Cathepsin S (CTSS) is a cysteine proteinase of the papain superfamily, which is mainly expressed in professional antigen-presenting cells related to COPD-like macrophages, microglia, B lymphocytes, as well as dendritic cells [10,11]. This enzyme plays a crucial action in assembling MHC class II–Ag complexes and promotes antigen processing and presentation and subsequently induces the activation of CD4+ T cells [12]. CTSS levels were elevated in bronchoalveolar lavage fluid and plasma of COPD patients compared with the healthy volunteers [13,14]. Moreover, CTSS is implicated in pathogenesis of alveolar remodeling and pulmonary emphysema in interferon-γ-treated mouse [15,16]. Collectively, CTSS plays an influential role in the pathogenesis of COPD.

Sirtuin-1 (SIRT1) is the best characterized member of silent information regulator (Sir2) family in mammals and is an NAD-dependent protein deacetylase [16]. This enzyme controls numerous cellular responses involved in regulating homeostasis [17] and it is demonstrated to have inhibitory roles in ageing and inflammation [18–20]. SIRT1 is reported to decrease in lungs of COPD patients, the well-known ageing-related and inflammation-associated diseases [1,21], initially reported by Rajendrasozhan et al. [20]. In addition, through deacetylating multiple substrate proteins like Forkhead box O proteins (FOXOs), p53, and nuclear factor-κB, SIRT1 exerts an important role in the cellular responses to oxidative stress, cellular senescence, and modulation of inflammation in COPD [22]. These observations indicated that SIRT1 has important functions in the progression of COPD.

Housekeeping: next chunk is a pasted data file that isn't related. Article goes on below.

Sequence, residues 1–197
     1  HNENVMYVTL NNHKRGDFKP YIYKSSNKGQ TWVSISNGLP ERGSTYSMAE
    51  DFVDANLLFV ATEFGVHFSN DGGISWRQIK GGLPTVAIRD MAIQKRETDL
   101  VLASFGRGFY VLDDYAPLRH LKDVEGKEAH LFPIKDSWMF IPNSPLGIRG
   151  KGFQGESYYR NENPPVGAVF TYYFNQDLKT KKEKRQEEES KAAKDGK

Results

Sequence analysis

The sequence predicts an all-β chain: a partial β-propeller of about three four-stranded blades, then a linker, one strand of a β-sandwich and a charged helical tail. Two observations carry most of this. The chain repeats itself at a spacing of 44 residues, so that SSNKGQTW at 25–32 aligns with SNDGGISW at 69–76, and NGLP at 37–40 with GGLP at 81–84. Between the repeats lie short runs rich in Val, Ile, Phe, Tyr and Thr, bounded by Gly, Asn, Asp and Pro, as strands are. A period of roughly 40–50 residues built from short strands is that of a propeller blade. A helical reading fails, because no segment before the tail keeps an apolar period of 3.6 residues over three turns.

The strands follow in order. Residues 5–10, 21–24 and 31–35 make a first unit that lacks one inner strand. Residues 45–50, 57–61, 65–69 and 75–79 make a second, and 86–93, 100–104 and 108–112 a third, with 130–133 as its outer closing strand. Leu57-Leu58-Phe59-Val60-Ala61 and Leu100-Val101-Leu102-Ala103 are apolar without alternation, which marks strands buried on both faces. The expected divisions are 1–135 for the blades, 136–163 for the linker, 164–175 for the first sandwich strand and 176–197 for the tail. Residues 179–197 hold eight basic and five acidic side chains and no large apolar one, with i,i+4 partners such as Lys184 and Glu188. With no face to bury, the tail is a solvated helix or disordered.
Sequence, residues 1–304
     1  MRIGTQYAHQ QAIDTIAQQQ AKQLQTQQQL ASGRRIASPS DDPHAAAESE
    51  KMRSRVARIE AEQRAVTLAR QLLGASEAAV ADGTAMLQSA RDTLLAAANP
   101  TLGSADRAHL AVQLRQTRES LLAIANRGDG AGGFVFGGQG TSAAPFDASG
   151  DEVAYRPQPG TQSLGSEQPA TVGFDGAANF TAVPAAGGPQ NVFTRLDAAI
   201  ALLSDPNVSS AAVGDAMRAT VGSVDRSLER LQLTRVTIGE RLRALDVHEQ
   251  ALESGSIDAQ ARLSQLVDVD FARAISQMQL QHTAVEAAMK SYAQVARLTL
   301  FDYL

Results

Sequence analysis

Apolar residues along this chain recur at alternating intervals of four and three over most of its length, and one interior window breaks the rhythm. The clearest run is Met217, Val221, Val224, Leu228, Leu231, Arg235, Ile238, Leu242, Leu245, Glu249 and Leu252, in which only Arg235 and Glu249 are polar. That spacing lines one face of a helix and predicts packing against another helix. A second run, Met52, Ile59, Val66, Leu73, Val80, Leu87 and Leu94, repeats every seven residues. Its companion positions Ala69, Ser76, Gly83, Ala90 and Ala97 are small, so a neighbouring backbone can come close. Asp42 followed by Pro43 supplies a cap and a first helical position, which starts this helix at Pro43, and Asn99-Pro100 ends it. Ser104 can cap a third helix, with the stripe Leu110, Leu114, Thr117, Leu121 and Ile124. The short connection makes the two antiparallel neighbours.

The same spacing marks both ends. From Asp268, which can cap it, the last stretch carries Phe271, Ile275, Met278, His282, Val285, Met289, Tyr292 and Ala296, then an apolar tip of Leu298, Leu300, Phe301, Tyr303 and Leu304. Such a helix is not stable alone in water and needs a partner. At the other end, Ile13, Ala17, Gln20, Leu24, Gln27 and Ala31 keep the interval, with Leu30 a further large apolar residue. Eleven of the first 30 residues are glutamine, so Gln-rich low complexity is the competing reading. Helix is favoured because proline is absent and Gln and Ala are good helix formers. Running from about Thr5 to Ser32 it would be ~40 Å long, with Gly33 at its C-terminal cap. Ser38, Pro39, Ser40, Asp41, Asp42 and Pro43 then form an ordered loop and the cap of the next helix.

COPD is a complicated disease and is at least partly determined by gene(s). Increasing evidence suggested that single nucleotide polymorphisms (SNP) distribution of genes implicated in COPD such as IL-13, FAM13A, and VEGFA genes play key roles in the COPD development [23–25]. However, the SNP-caused effects of many genes involved in COPD susceptibility and progression remain largely unknown. Therefore, the purpose of the present study was to investigate the associations between CTSS and SIRT1 SNPs and the susceptibility of COPD in a Chinese population.

Materials and methods

Study subjects

Cases (182) and controls (203) were selected as our research objects in the hospital-based case–control study. The control samples were obtained from medical examination center of Affiliated Hospital of Guangdong Medical University and cases were collected from Affiliated Hospital of Guangdong Medical University as well as The Second People’s Hospital of Zhanjiang from June 2015 to June 2017. All the cases were diagnosed newly with forced expiratory volume in 1 s (FEV1) for the reason that FEV1 over forced vital capacity (FEV1/FVC) < 0.7 has become the gold criteria for diagnosing COPD [26,27]. The controls who were free from a history of cancer and respiratory diseases were randomly selected in the same hospital during the same period. The present study was approved by the institutional review board of Guangdong Medical University.

Candidate SNP selection and genotyping